A Dose Of Realism

As appeared in PrivateWealth 

For many collectors, artwork can be far more than something to enjoy and display for the pleasure of others. It can be a valuable and even important component of a well-diversified investment portfolio. Indeed, in some cases, art collectors can achieve substantial, non-correlated returns if they can acquire the requisite expertise in this often-neglected sector.

From a financial planning perspective, art collectors must be aware of the various financial considerations involved in acquiring, owning and selling artwork. Given the myriad investment, tax, insurance and estate planning issues associated with owning artwork, it rarely is sufficient for a collector to confer solely with an art dealer.

Collectors need to be just as vigilant as successful investors in stocks and bonds, with a thorough knowledge of the financial implications of owning such assets.

Collectors, for example, need to be aware that artwork, unlike some securities, can be expensive to buy or sell, difficult to value and typically illiquid.

Often, it must be bought or sold through an auction house, dealer or agent.  Transactions can involve high premiums, commissions and other sales-related expenses, especially when compared with the fees associated with stocks, bonds and other traditional asset classes.

In private sales, many of these transaction expenses can be avoided, but valuation may in turn become far more challenging. In fact, even in a public auction, there is no guarantee that an established sale price represents actual fair market value. Art is unique by nature, making valuation highly subjective and susceptible to relative volatility.

The general illiquidity of artwork is also an important consideration because it presents an additional risk for those who might unexpectedly find themselves in need of capital. The potential illiquidity of any investment must be carefully considered in a financial portfolio.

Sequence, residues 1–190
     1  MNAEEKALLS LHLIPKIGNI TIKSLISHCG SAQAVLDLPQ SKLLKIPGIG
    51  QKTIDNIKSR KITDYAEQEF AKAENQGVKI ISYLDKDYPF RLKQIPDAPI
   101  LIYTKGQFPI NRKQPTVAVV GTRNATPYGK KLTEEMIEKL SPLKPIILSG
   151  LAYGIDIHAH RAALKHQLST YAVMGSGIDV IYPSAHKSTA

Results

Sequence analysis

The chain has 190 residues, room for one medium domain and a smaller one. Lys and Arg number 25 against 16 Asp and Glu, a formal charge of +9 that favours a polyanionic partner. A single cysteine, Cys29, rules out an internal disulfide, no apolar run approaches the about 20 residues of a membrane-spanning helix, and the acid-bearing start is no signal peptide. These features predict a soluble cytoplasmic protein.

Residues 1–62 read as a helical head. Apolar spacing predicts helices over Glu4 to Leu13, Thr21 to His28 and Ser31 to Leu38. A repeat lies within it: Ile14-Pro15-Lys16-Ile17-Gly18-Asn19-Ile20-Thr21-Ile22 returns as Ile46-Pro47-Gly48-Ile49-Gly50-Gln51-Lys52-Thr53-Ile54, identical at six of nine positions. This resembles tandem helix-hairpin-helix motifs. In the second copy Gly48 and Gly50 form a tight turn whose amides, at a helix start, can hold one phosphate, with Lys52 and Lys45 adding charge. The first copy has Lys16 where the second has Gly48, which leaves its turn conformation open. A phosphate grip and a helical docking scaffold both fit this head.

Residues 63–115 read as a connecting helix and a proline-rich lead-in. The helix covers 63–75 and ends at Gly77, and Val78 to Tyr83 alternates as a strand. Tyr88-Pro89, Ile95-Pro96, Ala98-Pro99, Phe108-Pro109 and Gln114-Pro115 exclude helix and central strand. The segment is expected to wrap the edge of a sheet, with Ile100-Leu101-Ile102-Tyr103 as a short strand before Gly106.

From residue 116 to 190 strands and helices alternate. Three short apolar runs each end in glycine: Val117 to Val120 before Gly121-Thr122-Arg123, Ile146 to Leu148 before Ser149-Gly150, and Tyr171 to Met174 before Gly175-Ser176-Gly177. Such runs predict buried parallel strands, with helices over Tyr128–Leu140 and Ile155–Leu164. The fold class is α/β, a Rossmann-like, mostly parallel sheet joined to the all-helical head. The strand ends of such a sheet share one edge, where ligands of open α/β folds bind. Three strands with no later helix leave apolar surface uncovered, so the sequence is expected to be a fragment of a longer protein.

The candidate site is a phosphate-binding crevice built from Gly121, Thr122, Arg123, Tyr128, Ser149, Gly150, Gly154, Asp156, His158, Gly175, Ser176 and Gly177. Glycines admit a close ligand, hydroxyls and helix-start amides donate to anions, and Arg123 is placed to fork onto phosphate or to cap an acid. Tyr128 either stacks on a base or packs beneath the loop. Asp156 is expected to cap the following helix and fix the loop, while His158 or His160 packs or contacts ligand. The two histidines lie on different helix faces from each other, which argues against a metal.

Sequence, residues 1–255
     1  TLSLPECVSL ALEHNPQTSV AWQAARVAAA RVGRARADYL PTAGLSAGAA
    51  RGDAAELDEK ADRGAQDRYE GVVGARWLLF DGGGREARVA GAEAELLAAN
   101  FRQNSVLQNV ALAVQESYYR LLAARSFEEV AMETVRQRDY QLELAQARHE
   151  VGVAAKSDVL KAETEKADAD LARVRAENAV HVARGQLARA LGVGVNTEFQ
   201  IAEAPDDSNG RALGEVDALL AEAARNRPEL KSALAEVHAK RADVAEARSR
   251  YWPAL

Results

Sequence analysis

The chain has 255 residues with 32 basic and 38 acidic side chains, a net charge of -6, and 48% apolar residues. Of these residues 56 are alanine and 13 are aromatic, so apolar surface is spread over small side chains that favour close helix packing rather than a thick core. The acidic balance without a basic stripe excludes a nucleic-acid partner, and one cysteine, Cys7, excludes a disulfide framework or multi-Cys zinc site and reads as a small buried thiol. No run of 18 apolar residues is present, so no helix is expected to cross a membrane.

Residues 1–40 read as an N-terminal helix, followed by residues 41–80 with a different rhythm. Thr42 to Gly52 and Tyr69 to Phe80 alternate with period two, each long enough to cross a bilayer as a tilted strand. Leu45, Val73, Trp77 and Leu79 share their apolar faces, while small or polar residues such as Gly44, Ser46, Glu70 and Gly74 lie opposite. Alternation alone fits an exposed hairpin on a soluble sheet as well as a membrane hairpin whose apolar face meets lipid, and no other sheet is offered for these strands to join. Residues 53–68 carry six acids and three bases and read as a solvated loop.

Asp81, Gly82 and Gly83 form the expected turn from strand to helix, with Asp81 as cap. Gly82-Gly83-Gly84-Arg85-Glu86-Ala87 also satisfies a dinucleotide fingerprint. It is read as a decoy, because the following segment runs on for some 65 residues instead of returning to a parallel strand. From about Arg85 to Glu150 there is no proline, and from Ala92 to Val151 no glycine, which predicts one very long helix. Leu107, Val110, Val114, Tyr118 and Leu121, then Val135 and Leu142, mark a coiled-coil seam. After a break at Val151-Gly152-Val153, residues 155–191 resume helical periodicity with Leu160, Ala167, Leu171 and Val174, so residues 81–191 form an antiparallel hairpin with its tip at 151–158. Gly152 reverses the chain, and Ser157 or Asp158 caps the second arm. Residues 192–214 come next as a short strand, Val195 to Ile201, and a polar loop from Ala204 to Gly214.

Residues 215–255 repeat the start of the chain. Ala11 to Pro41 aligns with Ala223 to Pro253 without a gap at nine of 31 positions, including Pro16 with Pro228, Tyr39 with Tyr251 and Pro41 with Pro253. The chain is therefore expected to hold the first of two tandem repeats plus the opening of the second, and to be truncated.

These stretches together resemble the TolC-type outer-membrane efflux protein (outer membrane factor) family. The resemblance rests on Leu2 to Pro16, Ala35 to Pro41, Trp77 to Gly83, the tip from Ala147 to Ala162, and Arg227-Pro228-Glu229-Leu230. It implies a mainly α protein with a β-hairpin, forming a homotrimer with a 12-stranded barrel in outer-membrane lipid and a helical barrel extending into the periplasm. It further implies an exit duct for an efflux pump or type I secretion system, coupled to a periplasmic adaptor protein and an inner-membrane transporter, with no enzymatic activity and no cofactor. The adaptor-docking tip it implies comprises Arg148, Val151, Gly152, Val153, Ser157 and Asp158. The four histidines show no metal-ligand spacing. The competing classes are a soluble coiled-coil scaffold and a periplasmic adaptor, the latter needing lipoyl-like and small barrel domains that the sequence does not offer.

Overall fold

Insurance Is Vital
The carrying costs of owning artwork can greatly exceed the costs of owning more traditional investments. Valuable artwork simply must be insured and, therefore, it must also be appraised on a periodic basis. (While not an insignificant expense, an experienced, knowledgeable appraiser can be an extremely valuable addition to an art collector’s team of trusted advisors.)  Artwork can also attract other carrying costs for maintenance, storage, security, etc.

Additionally, many localities subject artwork to personal property taxes, especially if it is displayed or stored in a second home or in a place of business. Personal property taxes are usually based on an assessment of fair market value, again making it necessary to have appraisals performed.

While these carrying costs may be justifiable from an investment perspective, they must all be accounted for in understanding the real return on the asset in question. It is worth noting that, barring a lease or similar arrangement, artwork does not offer a current monetary return, such as a dividend or interest payment, to offset the applicable carrying costs. Of course, it does offer certain non-financial returns, such as personal enjoyment, but these returns are subjective and can only be valued by the individual investor.

Unique Risks
Owning artwork carries atypical risks. In addition to obvious risks such as fire and theft, the artwork is also subject to fraud, a lack of market regulation and sometimes an inability to obtain full insurance protection.